Zones 4-9S/ 10W

The photo speaks for itself- The almost black flowers of this Siberian iris should bloom in June. Standard height- no more than 18 inches tall.
Zones 3-8S/ 9W

Two other considerations in this black and white theme come in the form of seeds from Renee's Garden based in Fenton, California. Both should be planted right in the ground.

The Black Watchman Hollyhock needs its space. It can grow to 7 feet tall and is on the Monticello heirloom list left by Thos. Jefferson. One needs to be very selective about a sunny location that can handle such a giant that will reseed even under the roughest conditions.

Legend has it that Queen Anne, the wife of King James I, was challenged by her friends to create lace as beautiful as a flower. While making the lace, she pricked her finger, and it’s said that the purple-red flower in the center of Queen Anne’s Lace represents a droplet of her blood. Also called Wild Carrot (since Queen Anne’s Lace is the wild progenitor of today’s carrot), Bishop’s Lace or Bird’s Nest. Grows to 3 ft. tall with 4-5 inch intricate blossoms.

Images listed are shown left to right.

Thursday, March 11, 2010

Ralph Lauren Home joins forces with Kravet

With 30 to-the-trade showrooms in North America Kravet will be representing Ralph Lauren Home's fabrics, wall coverings, and trimmings. A select number of the showrooms will also have lighting and window hardware. Folia continues as the licensee for the decorative fabrics and was one of the partners in this arrangement.

With this broad reach Ralph Lauren swatches may soon be the hands of many U.S. decorators and designers who may not have seen them before. Here I highlight two handsome patterns; a navy 'Chalk-Stripe' and 'Glenview Paisley' in henna. The chrome desk lamp is a classic called the RL '67 Boom-Arm and available in other finishes.

Kravet Inc. is a privately held, fourth-generation American family business that services the interior design trade exclusively in locations under their own name as well as Lee Jofa and GP & J Baker. They started in New York City as a small decorative trimmings store in 1918. They sell fabrics from a number of other well know designers such as Calvin Klein, Jospeh Abboud, and Laura Ashley.

Wednesday, March 10, 2010

Your Favorite Eau de Toilette; To-Go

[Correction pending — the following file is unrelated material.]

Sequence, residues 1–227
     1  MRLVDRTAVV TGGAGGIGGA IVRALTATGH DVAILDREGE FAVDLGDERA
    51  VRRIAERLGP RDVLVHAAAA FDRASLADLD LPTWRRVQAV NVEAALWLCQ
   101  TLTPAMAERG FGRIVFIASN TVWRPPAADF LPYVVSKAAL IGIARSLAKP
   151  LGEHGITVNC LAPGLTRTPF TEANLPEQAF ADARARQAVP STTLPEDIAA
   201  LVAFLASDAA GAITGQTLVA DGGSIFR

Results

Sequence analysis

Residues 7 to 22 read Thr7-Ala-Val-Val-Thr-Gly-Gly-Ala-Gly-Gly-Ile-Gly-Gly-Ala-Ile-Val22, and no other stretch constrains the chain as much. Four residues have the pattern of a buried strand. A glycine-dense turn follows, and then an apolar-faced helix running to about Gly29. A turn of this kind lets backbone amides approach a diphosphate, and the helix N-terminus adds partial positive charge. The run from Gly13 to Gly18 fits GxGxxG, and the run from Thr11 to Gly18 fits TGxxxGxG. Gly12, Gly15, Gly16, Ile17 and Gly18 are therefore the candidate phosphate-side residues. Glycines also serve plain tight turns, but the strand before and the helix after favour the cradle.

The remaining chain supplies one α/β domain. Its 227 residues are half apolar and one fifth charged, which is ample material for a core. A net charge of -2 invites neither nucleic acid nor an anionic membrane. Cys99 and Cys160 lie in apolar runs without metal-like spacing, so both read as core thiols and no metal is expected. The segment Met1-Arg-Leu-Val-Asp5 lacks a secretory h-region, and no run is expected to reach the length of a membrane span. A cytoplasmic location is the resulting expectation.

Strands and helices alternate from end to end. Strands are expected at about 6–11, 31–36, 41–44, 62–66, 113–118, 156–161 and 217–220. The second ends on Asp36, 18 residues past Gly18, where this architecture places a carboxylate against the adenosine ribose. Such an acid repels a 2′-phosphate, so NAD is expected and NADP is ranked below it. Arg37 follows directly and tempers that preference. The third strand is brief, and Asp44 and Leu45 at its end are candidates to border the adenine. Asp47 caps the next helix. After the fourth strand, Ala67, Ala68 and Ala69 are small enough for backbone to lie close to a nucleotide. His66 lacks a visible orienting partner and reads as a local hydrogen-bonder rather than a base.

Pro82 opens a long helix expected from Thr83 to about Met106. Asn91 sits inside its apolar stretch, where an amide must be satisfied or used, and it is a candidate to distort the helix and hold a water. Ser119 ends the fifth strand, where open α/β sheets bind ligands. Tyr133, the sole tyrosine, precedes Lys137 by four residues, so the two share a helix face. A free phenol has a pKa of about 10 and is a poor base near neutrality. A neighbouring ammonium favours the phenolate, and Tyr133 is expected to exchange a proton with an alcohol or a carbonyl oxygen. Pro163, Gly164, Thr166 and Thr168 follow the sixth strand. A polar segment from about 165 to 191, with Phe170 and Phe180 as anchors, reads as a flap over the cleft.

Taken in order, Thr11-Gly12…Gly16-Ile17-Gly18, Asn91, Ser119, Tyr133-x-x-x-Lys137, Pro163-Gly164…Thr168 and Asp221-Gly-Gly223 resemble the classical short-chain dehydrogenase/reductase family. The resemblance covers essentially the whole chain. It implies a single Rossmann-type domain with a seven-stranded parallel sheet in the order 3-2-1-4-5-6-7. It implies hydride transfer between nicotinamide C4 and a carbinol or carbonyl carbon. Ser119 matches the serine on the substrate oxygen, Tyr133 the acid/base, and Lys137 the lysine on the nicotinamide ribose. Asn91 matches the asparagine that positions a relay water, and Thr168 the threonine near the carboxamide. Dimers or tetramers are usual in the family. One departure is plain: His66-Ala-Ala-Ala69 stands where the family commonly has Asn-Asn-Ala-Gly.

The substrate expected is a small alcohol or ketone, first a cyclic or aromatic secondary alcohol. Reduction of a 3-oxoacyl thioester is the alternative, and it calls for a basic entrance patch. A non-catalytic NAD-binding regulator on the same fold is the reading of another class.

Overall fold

As a follow up to my last post about price tags and cosmetics, Sephora France has launched yet another channel of distribution to expand their empire; vending machines inside the Paris Métro. I have seen similar perfume machines before- one was inside the old Gramercy Park Hotel in New York during an Art Fair. But what makes this idea work is the low price point leading to an easy impulse buy.

Excerpt from Springwise in The Netherlands

It's been a while since we've come across any new efforts involving vending machines, but recently a nice one in the Paris Métro caught our eye. A week before Valentine's Day, fragrance retailer Sephora installed a series of machines at various Métro stations dedicated to selling Calvin Klein's CK One scent in a special, portable size.

From February 7 through February 20, visitors to the Métro's La Défense, Charles de Gaulle-Étoile, Montparnasse and Miromesnil stations could buy a special 15ml size of CK One at an on-site "CK One Pocket Store" by Sephora. Priced at EUR 10, the limited-edition pocket size is also available through Sephora itself. The vending-machine concept was created by Paris agency Nouveau Jour, which says it expects to use it abroad as well. A video on Daily Motion shows the campaign in action.


Monday, March 8, 2010

Estée Lauder tackles taboo of showing prices

Estée Lauder Cos. CEO Fabrizio Freda gave an interview with the Wall Street Journal revealing a significant shift in the way the company’s products will be shown in department stores. For the first time pricing will now be visible.

The main reason Freda stated that Lauder wants to show pricing is to illustrate the affordability of the products. This might also make the initial conversation easier for the shy and price conscious shoppers.

For example- Clinique’s Radiance chemical peel product is the most expensive item in that brands line at $55.00. A 2 oz. roll-on antiperspirant is $9.00. The most popular item sold at Macy’s is the 4.2 oz. Dramatically Different Moisturizer at a modest $24.00.

This follows other recent shifts in the way people are buying beauty products. Sephora has grown into a giant powerhouse with 750 stores in 21 countries. It is a force to be reckoned with since it has only been in the U.S. since 1997. The chain is well known for their generosity with samples, a lenient return policy, ease of one-stop shopping, and the option of self-service. Here you can see each product's retail price posted clearly from six feet away. As a way of taking department stores head on it has also opened 155 shop-in-shops inside JCPenny locations since 2006.